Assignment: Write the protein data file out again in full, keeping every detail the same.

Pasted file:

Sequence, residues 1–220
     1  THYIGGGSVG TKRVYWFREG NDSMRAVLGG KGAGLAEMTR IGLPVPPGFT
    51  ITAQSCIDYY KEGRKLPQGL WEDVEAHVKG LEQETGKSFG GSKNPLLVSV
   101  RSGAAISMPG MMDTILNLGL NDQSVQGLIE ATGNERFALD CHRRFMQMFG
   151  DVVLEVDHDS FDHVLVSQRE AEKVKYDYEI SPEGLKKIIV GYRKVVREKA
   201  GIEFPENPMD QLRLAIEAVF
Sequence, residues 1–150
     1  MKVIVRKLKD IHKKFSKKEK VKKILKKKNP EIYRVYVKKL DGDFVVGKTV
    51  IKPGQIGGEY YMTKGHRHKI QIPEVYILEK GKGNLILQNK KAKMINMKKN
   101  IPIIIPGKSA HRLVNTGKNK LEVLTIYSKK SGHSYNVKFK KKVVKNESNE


Sequence, residues 1–220
     1  THYIGGGSVG TKRVYWFREG NDSMRAVLGG KGAGLAEMTR IGLPVPPGFT
    51  ITAQSCIDYY KEGRKLPQGL WEDVEAHVKG LEQETGKSFG GSKNPLLVSV
   101  RSGAAISMPG MMDTILNLGL NDQSVQGLIE ATGNERFALD CHRRFMQMFG
   151  DVVLEVDHDS FDHVLVSQRE AEKVKYDYEI SPEGLKKIIV GYRKVVREKA
   201  GIEFPENPMD QLRLAIEAVF
Sequence, residues 1–150
     1  MKVIVRKLKD IHKKFSKKEK VKKILKKKNP EIYRVYVKKL DGDFVVGKTV
    51  IKPGQIGGEY YMTKGHRHKI QIPEVYILEK GKGNLILQNK KAKMINMKKN
   101  IPIIIPGKSA HRLVNTGKNK LEVLTIYSKK SGHSYNVKFK KKVVKNESNE